Friday, April 4, 2014

From the Archives: The Wylie House on 40th Street

BPC archivist Anne Kumer takes a look at one of the Park's adjacent buildings. This post also appears on NYC Circa.

In the late 1800s, Fifth Avenue in Midtown Manhattan was lined with mansions designed and built for the wealthy. The turn of the century brought retail and office buildings to the area -- and soon, the New York Public Library -- redefining it as a predominantly commercial region of the city. Few of these residences survived the shift, though one still stands at 28 West 40th Street, in between the American Scientific and the Engineer's Club buildings.

The Wylie House at 28 West 40th Street, with the American Scientific Building on the left, and the Engineers' Club on the right, 1926. Image MCNY
The mansion was commissioned by Dr. Walker Gill Wylie (Bio: p. 8-12), designed by R.H. Robertson, and built in 1891.

Dr. Wylie was born in South Carolina in 1849, joined the Confederate Army at age 16, and graduated from the University of South Carolina in 1868 with an Engineering degree. In 1871, he received his medical degree from Bellevue Medical College in New York City, and spent the following year in Europe observing hospital construction and nursing instruction. While in Europe, he consulted and collaborated with British Reformist Florence Nightingale. After returning to the States in 1873, he helped form the first nursing school, the Bellevue Hospital School of Nursing, which is now called the Hunter-Bellevue School of Nursing.

Bellevue Nurses, 1880s. Image via
For a number of years Wylie assisted James Marion Sims in abdominal surgery. A monument of Sims was erected in Bryant Park after his death in 1883. It stayed there until 1928, when it was removed and placed in storage in preparation for the 1933-1934 Moses renovation. In 1933 the monument was taken from storage and installed on a pedestal in Central Park at 103rd Street and Fifth Avenue.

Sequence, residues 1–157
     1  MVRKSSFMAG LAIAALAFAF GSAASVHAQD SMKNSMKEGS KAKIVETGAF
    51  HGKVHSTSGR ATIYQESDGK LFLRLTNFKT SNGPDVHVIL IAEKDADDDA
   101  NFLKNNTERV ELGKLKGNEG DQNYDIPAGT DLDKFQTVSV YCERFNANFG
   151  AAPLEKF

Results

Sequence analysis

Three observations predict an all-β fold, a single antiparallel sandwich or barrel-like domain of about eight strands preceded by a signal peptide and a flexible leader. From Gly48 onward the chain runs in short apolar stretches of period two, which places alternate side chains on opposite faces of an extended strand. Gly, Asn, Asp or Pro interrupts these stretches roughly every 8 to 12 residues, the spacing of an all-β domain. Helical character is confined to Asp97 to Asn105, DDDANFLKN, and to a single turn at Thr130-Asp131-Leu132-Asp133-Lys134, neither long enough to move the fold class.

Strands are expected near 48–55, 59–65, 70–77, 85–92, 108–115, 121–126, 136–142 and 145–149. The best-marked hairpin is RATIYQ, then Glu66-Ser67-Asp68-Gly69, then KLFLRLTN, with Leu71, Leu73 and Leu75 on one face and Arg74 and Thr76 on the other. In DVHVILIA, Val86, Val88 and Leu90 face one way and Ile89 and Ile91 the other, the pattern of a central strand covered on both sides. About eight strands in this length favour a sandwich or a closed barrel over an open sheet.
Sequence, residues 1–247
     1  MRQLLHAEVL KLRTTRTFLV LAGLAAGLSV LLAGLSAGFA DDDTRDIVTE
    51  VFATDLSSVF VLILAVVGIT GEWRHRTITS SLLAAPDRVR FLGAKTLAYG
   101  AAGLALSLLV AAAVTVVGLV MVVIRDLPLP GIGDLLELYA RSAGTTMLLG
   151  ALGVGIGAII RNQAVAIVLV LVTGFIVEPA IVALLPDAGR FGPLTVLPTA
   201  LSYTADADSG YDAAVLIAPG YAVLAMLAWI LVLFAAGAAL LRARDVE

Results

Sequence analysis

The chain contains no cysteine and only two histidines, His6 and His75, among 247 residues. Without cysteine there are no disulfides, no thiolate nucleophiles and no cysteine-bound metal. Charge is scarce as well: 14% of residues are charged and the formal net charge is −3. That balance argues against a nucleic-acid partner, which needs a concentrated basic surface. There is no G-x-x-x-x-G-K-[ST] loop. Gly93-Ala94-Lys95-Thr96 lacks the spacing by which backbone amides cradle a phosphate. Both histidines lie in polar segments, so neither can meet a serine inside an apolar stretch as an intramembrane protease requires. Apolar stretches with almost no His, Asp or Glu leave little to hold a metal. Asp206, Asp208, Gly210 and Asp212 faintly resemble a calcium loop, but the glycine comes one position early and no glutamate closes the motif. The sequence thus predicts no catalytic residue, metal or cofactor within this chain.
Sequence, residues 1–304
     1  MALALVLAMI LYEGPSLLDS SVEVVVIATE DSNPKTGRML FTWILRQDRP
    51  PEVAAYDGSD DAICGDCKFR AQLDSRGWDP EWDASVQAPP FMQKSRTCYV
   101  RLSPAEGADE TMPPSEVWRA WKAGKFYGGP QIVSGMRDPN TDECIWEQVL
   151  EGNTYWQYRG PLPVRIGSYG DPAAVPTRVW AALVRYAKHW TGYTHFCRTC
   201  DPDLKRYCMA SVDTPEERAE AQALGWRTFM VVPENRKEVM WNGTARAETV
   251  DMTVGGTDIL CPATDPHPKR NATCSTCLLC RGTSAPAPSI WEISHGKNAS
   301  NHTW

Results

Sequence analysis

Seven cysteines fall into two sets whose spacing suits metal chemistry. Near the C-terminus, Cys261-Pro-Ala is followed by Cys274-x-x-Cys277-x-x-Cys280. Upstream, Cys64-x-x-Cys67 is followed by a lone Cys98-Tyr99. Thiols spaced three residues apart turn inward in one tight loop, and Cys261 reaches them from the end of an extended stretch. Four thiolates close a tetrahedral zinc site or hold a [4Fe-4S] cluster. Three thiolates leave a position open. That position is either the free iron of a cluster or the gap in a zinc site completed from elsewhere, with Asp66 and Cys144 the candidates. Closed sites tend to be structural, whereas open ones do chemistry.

J. Marion Sims monument in Bryant Park, October 1894. The Croton Reservoir's west wall can be seen in the background.

In 1882, Dr. Wylie was appointed Visiting Gynecologist at Bellevue, a position he held for 25 years. That same year, he was also appointed Professor of Gynecology at the Polyclinic School of Medicine, lecturing there on gynecology and abdominal surgery for 20 years.
Bellevue surgeons, with -- I think -- Dr. Wylie front and center with the mustache [early1900s?]. Image via
Dr. Wylie lived with his family in the mansion until he died in 1923.
Bellevue Nursing graduating class, 1923. (Note the backwards print). Image via
The mansion's front facade has been altered, and it's long been converted from a single family home into apartment housing, but it's a small indication of a pre-commercial 40th Street.

The Wylie House today. Photo: A. Kumer
Other Sources:
-"Relations of Hospitals to Pauperism," W. Gill Wylie. Popular Science Monthly. Volume 9, October 1876.
-Bellevue: a short history of Bellevue  Hospital and of the training schools. Alumnae Association of Bellevue, 1915. (link)
-Walker G. Wylie books, available on google books
-Bellevue School of Nursing Archives, housed at NYU.
-Daytonian in Manhattan blog post

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